Anyone who rents out a house or a room is a landlord and while most landlords in Newcastle may only own one or two properties they still have responsibilities.
What do I need to think about
When you decide to rent out a property you first thought is probably to find a tenant but before you get to that stage you need to think about:
- Property size, type, location and market demand;
- Managing your property;
- Repairs, maintenance and other expenses;
- Problem tenants or unpaid rent;
- Finance, mortgages, tax and insurance.
The right knowledge and skills are important if you are to be a successful landlord and it’s always worth getting advice from people who have more experience than you.
You could talk to local estate agents about the demand for rented property or get in touch with the Private Rented Service Newcastle for advice, support and training and access to the Newcastle Landlord’s Forum.
Who should manage my property
Managing a property can be time consuming and hard work but if you prefer to employ an agent instead but it’s important to choose carefully. You should think about:
- How much they will charge;
- The level of service you want;
- What the agent is responsible for;
- Rent and deposit protection;
- Testimonials from existing clients; and
- How to end the contract when you no longer need their services.
Do I need insurance?
Standard home insurance does not provide adequate cover and you must take out landlord insurance to protect you and your property. While tenants are responsible for their own possessions you need to protect the building and any furniture or other contents you provide. You might also want to think about taking out cover to protect you if the tenant doesn’t pay their rent or moves out without notice.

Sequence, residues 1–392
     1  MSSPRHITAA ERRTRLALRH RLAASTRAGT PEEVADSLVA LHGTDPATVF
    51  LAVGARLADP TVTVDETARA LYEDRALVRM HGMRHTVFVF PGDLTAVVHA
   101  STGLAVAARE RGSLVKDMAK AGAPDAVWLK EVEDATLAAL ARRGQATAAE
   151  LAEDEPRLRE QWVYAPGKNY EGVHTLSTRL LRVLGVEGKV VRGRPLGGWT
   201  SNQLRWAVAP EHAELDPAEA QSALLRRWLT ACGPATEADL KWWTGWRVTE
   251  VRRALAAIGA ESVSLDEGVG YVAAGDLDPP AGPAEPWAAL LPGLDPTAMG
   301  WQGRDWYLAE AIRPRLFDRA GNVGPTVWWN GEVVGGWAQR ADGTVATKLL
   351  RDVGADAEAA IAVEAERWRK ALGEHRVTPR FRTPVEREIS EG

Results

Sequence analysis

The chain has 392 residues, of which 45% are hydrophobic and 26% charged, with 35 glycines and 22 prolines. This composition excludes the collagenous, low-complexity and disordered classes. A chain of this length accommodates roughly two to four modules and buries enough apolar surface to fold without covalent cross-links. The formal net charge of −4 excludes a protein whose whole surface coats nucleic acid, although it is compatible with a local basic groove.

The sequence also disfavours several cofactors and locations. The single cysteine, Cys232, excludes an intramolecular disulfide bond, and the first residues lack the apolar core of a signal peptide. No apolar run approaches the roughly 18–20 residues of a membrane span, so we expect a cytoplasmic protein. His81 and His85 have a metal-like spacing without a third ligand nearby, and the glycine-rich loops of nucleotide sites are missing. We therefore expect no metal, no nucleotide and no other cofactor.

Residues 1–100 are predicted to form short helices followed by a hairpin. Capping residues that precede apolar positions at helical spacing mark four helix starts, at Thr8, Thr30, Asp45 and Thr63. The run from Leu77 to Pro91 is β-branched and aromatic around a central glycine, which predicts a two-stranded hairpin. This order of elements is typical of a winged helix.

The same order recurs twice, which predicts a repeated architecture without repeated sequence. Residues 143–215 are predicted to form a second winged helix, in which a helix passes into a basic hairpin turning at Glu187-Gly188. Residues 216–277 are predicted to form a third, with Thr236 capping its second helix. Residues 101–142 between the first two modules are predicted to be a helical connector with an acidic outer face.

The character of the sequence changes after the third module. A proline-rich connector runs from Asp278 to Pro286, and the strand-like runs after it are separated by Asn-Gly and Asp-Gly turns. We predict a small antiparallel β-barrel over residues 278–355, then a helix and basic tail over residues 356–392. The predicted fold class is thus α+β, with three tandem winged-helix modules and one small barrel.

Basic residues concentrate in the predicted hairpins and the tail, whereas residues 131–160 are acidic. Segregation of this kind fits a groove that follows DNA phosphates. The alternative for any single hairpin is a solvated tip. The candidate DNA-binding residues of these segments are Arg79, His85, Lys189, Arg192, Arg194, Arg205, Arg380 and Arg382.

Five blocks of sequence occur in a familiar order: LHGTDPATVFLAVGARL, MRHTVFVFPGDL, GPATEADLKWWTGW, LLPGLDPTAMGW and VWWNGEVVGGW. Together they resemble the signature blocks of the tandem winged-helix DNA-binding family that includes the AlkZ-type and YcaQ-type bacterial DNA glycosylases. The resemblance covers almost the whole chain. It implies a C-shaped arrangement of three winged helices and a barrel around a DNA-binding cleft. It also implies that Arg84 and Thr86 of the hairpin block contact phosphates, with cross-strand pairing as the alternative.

Are there any financial implications?
If you already own the property and have a mortgage or you are not the freeholder then you will need to get permission before renting the property to a tenant.
If you’re thinking of buying a property to rent it’s always advisable to get independent advice. You can find out more on the Council of Mortgage Lenders website.
What about Tax
Council tax and income tax are the types of tax you are most likely to have to deal with when you become a landlord.
The tenant is usually responsible for the council tax once a property is let but this may not be the case for shared houses or student lettings so make sure to include this in your Tenancy Agreement.
As with any income you could be liable to pay tax on the rent you receive so it’s worth talking to an accountant or a tax adviser before submitting your tax returns.
Other taxes you may need to consider include VAT, Capital Gains Tax, Stamp Duty and Inheritance Tax.